THE sufferings of port operators have been vindicated in a new report by the Grattan Institute recommending an investigation into stevedore surcharges.
The controversial surcharges have been under major scrutiny of Industry group Road Freight NSW (RFNSW) who contend the fees have been unilaterally imposed on truckies.
According to the Grattan report - Competition in Australia: Too little of a good thing? - high profits earned in "natural monopolies” such as ports, "suggest that regulation may be too lax” and that "high prices can result if regulation does not sufficiently compensate for weak competitive pressure.”
RFNSW General Manager Simon O'Hara welcomed the recommendation for "toughening price and access regulation in ports”, saying it coincides with new analysis showing that carriers will be forced to pay up to $338,000 per annum to DP World Australia (DPWA) alone in proposed new port infrastructure surcharges.
Earlier this month, DPWA announced further levy of $37.65 on trucks entering the Port Botany Terminal, a hike of $16.49 on the earlier infrastructure tax of $21.16 announced by the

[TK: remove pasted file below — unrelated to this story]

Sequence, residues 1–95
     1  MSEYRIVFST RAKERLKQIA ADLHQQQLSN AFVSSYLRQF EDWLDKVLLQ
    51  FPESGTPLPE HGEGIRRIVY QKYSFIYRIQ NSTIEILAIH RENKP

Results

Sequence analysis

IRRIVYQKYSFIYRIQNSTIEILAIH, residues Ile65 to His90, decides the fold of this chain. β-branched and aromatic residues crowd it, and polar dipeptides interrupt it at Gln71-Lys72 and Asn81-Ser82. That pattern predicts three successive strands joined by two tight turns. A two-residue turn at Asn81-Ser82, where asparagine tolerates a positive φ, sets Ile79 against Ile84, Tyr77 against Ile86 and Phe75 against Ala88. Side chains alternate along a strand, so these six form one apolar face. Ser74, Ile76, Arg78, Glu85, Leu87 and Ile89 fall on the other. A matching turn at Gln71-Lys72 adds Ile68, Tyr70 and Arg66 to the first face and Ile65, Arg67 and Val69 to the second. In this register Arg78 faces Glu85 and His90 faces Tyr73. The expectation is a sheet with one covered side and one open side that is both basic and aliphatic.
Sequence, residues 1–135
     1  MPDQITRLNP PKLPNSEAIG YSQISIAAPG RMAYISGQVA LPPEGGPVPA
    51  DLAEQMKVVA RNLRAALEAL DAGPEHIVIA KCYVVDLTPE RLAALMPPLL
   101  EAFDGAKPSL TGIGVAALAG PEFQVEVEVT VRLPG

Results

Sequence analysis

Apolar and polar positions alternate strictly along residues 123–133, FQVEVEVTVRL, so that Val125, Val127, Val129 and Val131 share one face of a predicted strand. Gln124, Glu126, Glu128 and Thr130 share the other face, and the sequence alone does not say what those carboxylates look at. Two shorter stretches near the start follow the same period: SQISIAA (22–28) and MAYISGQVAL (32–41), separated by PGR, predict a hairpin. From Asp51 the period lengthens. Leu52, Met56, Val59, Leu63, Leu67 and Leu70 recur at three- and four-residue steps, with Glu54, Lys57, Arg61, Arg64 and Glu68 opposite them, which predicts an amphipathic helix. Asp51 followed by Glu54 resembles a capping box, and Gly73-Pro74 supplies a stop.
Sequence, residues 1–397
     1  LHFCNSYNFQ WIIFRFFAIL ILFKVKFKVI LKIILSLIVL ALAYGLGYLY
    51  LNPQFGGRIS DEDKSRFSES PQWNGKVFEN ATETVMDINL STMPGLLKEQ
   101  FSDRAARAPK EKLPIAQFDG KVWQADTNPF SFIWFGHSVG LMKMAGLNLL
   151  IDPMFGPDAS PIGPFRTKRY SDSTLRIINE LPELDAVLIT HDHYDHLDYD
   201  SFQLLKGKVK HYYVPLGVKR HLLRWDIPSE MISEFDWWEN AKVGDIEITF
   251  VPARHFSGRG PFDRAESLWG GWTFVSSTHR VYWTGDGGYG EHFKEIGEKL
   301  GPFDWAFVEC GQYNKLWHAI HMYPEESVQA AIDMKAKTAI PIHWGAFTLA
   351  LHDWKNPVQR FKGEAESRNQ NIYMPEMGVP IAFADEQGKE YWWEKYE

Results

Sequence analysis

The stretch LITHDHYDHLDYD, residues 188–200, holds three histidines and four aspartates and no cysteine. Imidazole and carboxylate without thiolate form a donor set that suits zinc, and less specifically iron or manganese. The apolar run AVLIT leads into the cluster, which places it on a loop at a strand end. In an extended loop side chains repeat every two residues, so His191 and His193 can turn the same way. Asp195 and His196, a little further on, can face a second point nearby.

stevedore in April.
"With the clock ticking until the new DPWA tax takes effect on New Year's Day, RFNSW has again written to the ACCC, asking that it urgently intervenes to put a stop to the stevedores using
their market power to impose these ongoing port surcharges on hard-working truckies,” Mr O'Hara said.
"The new findings from the Grattan Institute justify why the ACCC must act.
"The increased DPWA levy is an unjustified double whammy for truckies who are already struggling on tight margins. RFNSW is currently collating feedback from members on how the
increased port charges will affect their bottom line.
"On their current volumes, one of our RFNSW members estimates they'll be forking out $301,000 to $338,000 to DPWA alone.
"The cash flow of carriers will be constrained even further and it's the smaller, family-operated businesses who will struggle to make quick payments to the stevedores through the Vehicle
Booking Scheme, yet have to wait up to a month to get paid by their customers. It's simply
unsustainable,” he said.
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